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Reforms Regarding Women In 19th Century
Reforms Regarding Women In 19th Century
Reforms Regarding Women In 19th Century
Reforms Regarding Women In 19th Century
Reforms Regarding Women In 19th Century
Reforms Regarding Women In 19th Century
Reforms Regarding Women In 19th Century
Reforms Regarding Women In 19th Century
Reforms Regarding Women In 19th Century
Reforms Regarding Women In 19th Century
Reforms Regarding Women In 19th Century
Reforms Regarding Women In 19th Century
Reforms Regarding Women In 19th Century
Reforms Regarding Women In 19th Century
Reforms Regarding Women In 19th Century
Reforms Regarding Women In 19th Century
Reforms Regarding Women In 19th Century
Reforms Regarding Women In 19th Century
Reforms Regarding Women In 19th Century
Reforms Regarding Women In 19th Century
Reforms Regarding Women In 19th Century
Reforms Regarding Women In 19th Century
Reforms Regarding Women In 19th Century
Reforms Regarding Women In 19th Century
Reforms Regarding Women In 19th Century
Reforms Regarding Women In 19th Century
Reforms Regarding Women In 19th Century
Reforms Regarding Women In 19th Century
Reforms Regarding Women In 19th Century
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Reforms Regarding Women In 19th Century

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It Gives information About Women's In 19th Ceuntury India

It Gives information About Women's In 19th Ceuntury India

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  • 1. Socio-Religious Reform Movements in India were part of eighteenth century and twentieth-century India. During this time, on one side, India was suffering from stagnating traditional culture and society at very low ebb; while on the other hand, India possessed a still traditional society in the throes and the creative excitement of modernising and of emerging as a new nation. The nineteenth century initiated this process of transformation in the religious, social, economic, political, and cultural spheres. The impact of the British Empire influenced administration, legislation, trade, network of communications, industrialisation and urbanisation in India, affecting not only society as a whole, but also the traditional patterns of life. British scholars, educators and missionaries also impacted the cultural field. The reformers consciously reacted to the new situation and advocated deliberate changes in social and religious attitudes and customs....
  • 2. In the 19th century the Industrial Revolution transformed life in Britain. It changed from a country where most people lived in the countryside and worked in farming to one where most people lived in towns and worked in industry. In that century women did gain more rights and some women became famous novelists.In the 19th century at least 80% of the population was working class. In order to be considered middle class you had to have at least one servant. Most servants were female. (Male servants were more expensive because men were paid higher wages). Throughout the century 'service' was a major employer of women. For working class women life was an endless round of hard work and drudgery. As soon as they were old enough they worked on farms and in factories. Even when they married and had children housework was very hard without electricity or modern cleaning agents. On the other hand in the 19th century working class girls began to get some education. In the early and mid 19th century the churches provided some schools. After 1870 the state provided them.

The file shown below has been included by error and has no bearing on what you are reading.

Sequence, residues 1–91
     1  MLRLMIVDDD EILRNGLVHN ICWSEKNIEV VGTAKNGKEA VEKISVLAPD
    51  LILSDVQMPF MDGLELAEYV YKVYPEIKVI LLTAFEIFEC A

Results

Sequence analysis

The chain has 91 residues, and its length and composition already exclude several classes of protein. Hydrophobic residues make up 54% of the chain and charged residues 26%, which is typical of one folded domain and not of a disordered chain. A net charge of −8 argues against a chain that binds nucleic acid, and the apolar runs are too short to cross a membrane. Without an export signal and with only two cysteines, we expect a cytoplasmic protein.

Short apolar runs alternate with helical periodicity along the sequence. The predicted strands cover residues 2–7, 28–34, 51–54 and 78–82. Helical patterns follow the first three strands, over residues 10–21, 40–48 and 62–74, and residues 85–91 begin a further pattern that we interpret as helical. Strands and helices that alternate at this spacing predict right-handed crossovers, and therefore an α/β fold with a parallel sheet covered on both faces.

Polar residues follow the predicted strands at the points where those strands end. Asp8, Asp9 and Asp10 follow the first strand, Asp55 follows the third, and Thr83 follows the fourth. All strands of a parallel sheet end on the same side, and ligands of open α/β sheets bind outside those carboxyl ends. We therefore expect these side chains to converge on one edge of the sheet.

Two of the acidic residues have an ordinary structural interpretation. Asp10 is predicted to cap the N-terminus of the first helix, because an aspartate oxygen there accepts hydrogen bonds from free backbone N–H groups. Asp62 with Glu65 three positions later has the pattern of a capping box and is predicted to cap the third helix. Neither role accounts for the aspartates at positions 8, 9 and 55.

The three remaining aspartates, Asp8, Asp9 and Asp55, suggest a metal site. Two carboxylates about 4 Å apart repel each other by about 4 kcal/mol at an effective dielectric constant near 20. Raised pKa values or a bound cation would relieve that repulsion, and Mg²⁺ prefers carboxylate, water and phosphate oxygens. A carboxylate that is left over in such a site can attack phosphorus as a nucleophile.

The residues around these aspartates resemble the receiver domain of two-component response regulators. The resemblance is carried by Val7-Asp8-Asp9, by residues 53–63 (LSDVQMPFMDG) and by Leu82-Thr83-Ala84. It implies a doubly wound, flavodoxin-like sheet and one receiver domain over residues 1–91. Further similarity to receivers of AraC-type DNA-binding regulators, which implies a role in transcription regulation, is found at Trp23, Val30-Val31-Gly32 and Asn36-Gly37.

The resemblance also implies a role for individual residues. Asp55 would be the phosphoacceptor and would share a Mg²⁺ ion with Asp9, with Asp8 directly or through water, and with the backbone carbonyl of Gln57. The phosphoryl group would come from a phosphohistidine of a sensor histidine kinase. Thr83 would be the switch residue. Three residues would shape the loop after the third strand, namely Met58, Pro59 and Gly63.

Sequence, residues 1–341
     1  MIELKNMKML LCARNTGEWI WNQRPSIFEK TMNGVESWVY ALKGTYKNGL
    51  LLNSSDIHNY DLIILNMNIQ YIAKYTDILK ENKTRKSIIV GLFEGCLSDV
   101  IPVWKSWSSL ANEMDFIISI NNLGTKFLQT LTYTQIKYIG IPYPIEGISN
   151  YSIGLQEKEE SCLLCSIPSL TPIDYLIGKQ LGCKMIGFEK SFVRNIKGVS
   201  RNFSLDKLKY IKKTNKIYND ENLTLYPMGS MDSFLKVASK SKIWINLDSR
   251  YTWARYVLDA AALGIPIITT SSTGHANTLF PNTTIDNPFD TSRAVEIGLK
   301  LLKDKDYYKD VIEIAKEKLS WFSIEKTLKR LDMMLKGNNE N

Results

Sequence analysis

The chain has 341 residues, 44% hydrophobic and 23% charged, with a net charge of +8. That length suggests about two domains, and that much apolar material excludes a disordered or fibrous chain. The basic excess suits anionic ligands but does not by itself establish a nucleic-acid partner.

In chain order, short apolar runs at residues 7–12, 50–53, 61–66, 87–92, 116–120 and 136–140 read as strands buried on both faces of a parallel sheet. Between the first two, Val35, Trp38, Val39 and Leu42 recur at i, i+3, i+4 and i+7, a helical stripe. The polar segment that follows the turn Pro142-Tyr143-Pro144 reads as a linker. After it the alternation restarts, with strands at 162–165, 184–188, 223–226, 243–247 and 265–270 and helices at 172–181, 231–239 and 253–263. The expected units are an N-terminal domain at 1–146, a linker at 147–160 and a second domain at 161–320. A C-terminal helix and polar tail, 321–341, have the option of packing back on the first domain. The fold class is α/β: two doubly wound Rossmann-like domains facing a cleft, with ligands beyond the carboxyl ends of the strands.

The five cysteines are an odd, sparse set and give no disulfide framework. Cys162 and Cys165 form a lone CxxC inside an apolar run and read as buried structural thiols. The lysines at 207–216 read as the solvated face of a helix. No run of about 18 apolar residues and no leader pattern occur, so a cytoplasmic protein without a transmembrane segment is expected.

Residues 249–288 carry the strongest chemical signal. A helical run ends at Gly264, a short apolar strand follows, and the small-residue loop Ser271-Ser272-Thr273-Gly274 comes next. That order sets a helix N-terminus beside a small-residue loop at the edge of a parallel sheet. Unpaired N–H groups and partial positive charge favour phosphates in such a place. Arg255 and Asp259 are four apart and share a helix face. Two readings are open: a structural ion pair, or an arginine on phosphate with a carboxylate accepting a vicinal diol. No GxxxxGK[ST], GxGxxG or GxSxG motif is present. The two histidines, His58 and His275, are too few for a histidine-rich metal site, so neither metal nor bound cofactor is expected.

• 3. In the 19th century wealthy women were kept busy running the household and organising the servants. Well to do women often also did charitable work. In 1874 the first successful typewriter went on sale (It was invented in the USA by Christopher Sholes) and the telephone was invented in 1876. These two new inventions meant more job opportunities for women. At the end of the 19th century new technology created more jobs for women. meanwhile in the late 19th century contraception became easier. In 1877 Annie Besant and Charles Bradlaugh published a book on the subject called Fruits of Philosophy. They were both prosecuted by their sentences were quashed on appeal. Life became more comfortable for most women in the 19th century. James Simpson (1811-1870), who was Professor of Midwifery at Edinburgh University, began using chloroform for operations in 1847.
  • 4. Hindu society in the 19th century suffered from religious illusions that Hindu scriptures did not sanction female education of girls wrought wrath of gods leading to their widowhood. The Christian missionaries, whatever their motive, were the first to set up o Calcutta Female Juvenile Society in 1819. However, the celebrated name 0f J.E.D. Bethune, President of the council of Education, will always be remembered with respect. In 1849 he founded a Girl's School in Calcutta. Ishwar Chandra Vidyasagar also did a lot in popularising the cause of education and was associated with no less than thirty-five girl's schools in Bengal. In Bombay the students of Elphinstone Institute became the spearhead of the movement for women education and founded the Students Literary Society. Charles Wood's dispatch on Education laid great stress on the need for female education. In the broad perspective, women education became a part of the general campaign for amelioration of the plight of women in society.